Building on the success of our pioneering Human Rights Research Methods Summer School, this year’s offer includes key modules on research methods and expands the thematic focus to cover key elements of human rights practice. The latter includes sessions on advocacy, organisational management, coping strategies and practitioner case studies. Participants will acquire knowledge in human rights research methods as well as a range of practical skills vital for professional development.
The sessions offered include the following:
Key Debates and Challenges in Human Rights Promotion
This session will provide an introductory overview of the key debates and developments around human rights promotion and how they affect the work of human rights defenders.
Operational Challenges and Opportunities: A Field Perspective
Drawing on decades of expertise of working on refugee-related issues, this session will provide practical perspectives on the challenges and opportunities of promoting human rights in one of the most pressing human rights concerns of our time.
Round Table on Professional Challenges: Participant Perspectives
This session is designed to facilitate self-reflective learning through a guided discussion to exchange experiences and expertise of participants, and to support networking amongst participants.
Research Design: Legal and Qualitative Single Case Study
The session will focus on how to carry out legal and qualitative single case studies, its effects and impact. Participants will be invited to consider the design and findings of a comparative (both country and thematic) funded research project. The purpose will be to prompt participants to suggest how a single case study could have been more illuminating and to identify what have been lost in a single case study. Attention will then shift to a single case study to assess the richness it can offer, and the selection justification it requires. The session will end with writing case-selection justification exercise and the evaluation of these justifications.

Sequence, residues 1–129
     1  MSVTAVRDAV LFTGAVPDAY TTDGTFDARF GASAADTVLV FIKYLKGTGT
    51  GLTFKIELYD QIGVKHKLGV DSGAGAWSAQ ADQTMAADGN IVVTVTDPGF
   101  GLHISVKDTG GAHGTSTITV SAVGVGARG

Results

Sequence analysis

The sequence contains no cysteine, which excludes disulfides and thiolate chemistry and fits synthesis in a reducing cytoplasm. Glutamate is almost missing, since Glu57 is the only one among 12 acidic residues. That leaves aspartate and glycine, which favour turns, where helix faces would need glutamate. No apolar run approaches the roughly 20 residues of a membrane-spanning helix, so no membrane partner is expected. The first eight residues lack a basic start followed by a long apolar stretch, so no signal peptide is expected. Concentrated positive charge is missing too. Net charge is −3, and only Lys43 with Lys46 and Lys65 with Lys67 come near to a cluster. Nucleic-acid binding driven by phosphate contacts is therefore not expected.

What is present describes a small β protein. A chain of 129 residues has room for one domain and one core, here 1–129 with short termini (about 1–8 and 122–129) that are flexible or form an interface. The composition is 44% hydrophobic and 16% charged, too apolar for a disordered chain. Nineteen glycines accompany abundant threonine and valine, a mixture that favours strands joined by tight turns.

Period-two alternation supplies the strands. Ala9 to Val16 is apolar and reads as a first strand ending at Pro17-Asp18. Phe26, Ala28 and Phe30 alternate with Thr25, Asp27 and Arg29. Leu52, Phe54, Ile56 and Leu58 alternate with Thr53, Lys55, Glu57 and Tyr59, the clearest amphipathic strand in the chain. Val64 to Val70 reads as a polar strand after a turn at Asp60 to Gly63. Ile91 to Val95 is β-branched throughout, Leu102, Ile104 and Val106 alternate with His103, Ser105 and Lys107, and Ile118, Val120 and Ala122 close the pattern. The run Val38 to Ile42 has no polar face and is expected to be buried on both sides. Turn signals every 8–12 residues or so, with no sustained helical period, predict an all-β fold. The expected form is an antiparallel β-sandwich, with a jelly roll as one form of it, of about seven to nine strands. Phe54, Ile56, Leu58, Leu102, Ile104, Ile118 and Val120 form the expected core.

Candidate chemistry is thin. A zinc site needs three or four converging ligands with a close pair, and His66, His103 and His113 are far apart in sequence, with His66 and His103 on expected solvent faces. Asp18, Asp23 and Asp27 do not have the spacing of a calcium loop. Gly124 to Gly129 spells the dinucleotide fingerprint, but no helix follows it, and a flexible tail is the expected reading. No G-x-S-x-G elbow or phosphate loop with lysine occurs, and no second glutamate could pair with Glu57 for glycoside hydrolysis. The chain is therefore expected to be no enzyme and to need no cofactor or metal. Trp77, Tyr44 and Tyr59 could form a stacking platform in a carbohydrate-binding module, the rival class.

Use of Qualitative Data Methods
An essential session for human rights researchers, this seminar will cover different tasks related to qualitative data analysis: how to transcribe interviews; how to identify patterns in the data; and how to make sense of research material using discourse analysis.
Quantitative Methods: Statistics, Indicators and Human Rights
This session examines the use of socio-economic and administrative statistics, which involves using existing or creating new indicators for governmental activity that has a bearing on human rights, including input, process, output, outcome, and impact indicators. The United Nations has developed a framework for incorporating these kinds of measures into the work of treaty bodies, as well as other kinds of human rights project work.
Quantitative Methods: Databases, Survey-based and Standards-based Indicators
Some databases attempt to track human rights outcomes on the ground, while others seek to identify, classify, and quantify implementation of human rights obligations. This session will provide a review of existing human rights databases, explore the types of questions that databases can help us answer, and highlight critiques of the use of databases. It will also examine the use of ‘standards-based’ measures of human rights practices that code country performance on ordinal scales for comparative analysis and survey-based measures based on perceptions and experiences of human rights practices. For both types of measures, discussion will focus on sources of information, types of samples, external and internal validity, and the limitations of each style of measurement and assessment.
Documenting Harm and Claiming Reparations in Countries Undergoing Transition
Human rights research in countries undergoing transition presents a unique set of challenges. The session will deal with how to document harm in such contexts as well as where and when to claim reparations and how to submit strong claims without producing re-victimisation. The session will look into various forms of doing this while taking into account gender, cultural and religious issues.
Challenges of Researching on Race
How can we research on ‘race’, and make a contribution to combating discrimination and dismantling structural racism, when race itself has become such a contested term? Against the backcloth of challenges posed to research by the Black Lives Matter and de-colonisation movements, this session will look at how ‘race, ‘inequality’ and ‘anti-racism’, are understood both by governments and movements and b) examine the provenance of terms and concepts like institutional racism, discrimination, integration, ethnic disadvantage, unconscious bias and racial disproportionality.